public UnconfiguredProject UnconfiguredProject { get; set; }

        public async Task LoadAsync()
        {
            await Task.CompletedTask;
        }

        public async Task UnloadAsync()
        {
            await Task.CompletedTask;
        }
    }

If I implement IDisposable, then that is called when the associated project is closed or unloaded. So, I "think" I can get the behavior I want, but it troubles me that I never see UnloadAsync.
Is this the most direct way to have an export that tracks the lifetime automatically of a project?

Oscar Salazar
@osqui2097
@jp2masa I tried to do what you told me, but it doesn't run, which targets I need to fix?
Kirk Fertitta
@kfertitta

I'm trying to distribute a NuGet package as part of my custom project type VSIX, as per these docs:

https://docs.microsoft.com/en-us/nuget/visual-studio-extensibility/visual-studio-templates

The package is properly deployed and the .vstemplate file seems to be working because the packages.config file is automatically created by the new project template. And, the packages.config file does have the correct content in it.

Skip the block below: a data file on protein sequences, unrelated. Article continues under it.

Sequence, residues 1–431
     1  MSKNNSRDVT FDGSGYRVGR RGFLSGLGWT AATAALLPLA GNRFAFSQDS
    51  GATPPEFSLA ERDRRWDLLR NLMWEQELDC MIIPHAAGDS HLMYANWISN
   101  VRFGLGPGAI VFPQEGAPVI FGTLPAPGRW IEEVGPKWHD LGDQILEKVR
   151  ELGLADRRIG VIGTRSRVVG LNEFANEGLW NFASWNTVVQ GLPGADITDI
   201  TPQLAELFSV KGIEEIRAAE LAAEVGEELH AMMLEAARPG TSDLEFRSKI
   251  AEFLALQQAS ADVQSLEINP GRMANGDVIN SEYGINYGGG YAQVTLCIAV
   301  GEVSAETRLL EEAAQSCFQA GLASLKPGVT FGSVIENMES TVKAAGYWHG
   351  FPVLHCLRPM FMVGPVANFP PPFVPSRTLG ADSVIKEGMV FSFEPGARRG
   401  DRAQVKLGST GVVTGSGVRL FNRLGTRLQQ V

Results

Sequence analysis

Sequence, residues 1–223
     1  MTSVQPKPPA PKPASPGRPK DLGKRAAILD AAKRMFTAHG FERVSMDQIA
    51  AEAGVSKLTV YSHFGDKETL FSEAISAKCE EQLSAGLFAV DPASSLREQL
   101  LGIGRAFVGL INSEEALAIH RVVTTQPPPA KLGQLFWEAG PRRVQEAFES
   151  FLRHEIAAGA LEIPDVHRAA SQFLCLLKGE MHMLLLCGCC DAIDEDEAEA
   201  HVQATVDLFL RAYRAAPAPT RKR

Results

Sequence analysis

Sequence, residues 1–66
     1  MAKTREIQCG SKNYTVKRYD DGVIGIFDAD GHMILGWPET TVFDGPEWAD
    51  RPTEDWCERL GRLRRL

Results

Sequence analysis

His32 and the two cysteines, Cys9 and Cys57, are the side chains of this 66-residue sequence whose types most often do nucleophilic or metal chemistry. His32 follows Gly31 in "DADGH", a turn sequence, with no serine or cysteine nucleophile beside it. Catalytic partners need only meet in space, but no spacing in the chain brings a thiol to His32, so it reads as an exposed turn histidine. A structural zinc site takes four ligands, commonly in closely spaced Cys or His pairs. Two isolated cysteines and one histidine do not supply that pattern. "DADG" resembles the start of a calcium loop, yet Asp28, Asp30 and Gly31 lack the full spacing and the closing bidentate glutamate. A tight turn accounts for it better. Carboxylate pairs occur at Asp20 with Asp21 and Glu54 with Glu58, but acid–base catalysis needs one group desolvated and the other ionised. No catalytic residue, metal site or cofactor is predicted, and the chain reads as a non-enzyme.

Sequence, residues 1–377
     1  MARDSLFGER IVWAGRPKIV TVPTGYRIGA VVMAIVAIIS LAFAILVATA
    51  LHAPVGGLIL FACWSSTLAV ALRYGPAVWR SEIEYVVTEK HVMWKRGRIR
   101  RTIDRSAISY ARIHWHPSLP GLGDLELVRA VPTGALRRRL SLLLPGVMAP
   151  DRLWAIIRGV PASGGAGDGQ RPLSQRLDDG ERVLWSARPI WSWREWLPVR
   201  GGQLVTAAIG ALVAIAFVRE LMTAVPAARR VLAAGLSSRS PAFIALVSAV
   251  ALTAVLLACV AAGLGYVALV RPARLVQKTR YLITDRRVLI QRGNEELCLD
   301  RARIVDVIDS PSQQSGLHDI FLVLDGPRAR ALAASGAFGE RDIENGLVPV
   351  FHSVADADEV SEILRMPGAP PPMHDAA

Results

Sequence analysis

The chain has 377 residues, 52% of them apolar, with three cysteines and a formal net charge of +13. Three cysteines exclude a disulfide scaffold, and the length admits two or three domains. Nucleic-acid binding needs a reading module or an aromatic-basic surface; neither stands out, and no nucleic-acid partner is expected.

However, when I execute the "Manage NuGet Packages" command, I get the error below:

Note that I have declared the PackageReferences capability, though I don't think it applies here.

image.png
jp2masa
@jp2masa
@osqui2097 the easiest way would be importing the common targets, you can override the values which cause problems...
@kfertitta the PackageReferences capability is for projects which support PackageReferences in the project file, I think it's available for all project systems now (since VS 15.5 or 15.6?), and the wizard shouldn't generate a packages.config, as it's not compatible... also see NuGet/Home#4693
Kirk Fertitta
@kfertitta

@jp2masa Oh, wow. I was poking around those issues and thought I hit a dead end because most references lead to this:

dotnet/project-system#2491

That didn't reference anything on NuGet. So, if PackageReference works, then that's great. And, Andrew Arnott's comment about not using that wizard-based pattern anymore would certainly apply.

It seems all I need to do is delete all the stuff I thought I needed, and then just have the PackageReference.

Kirk Fertitta
@kfertitta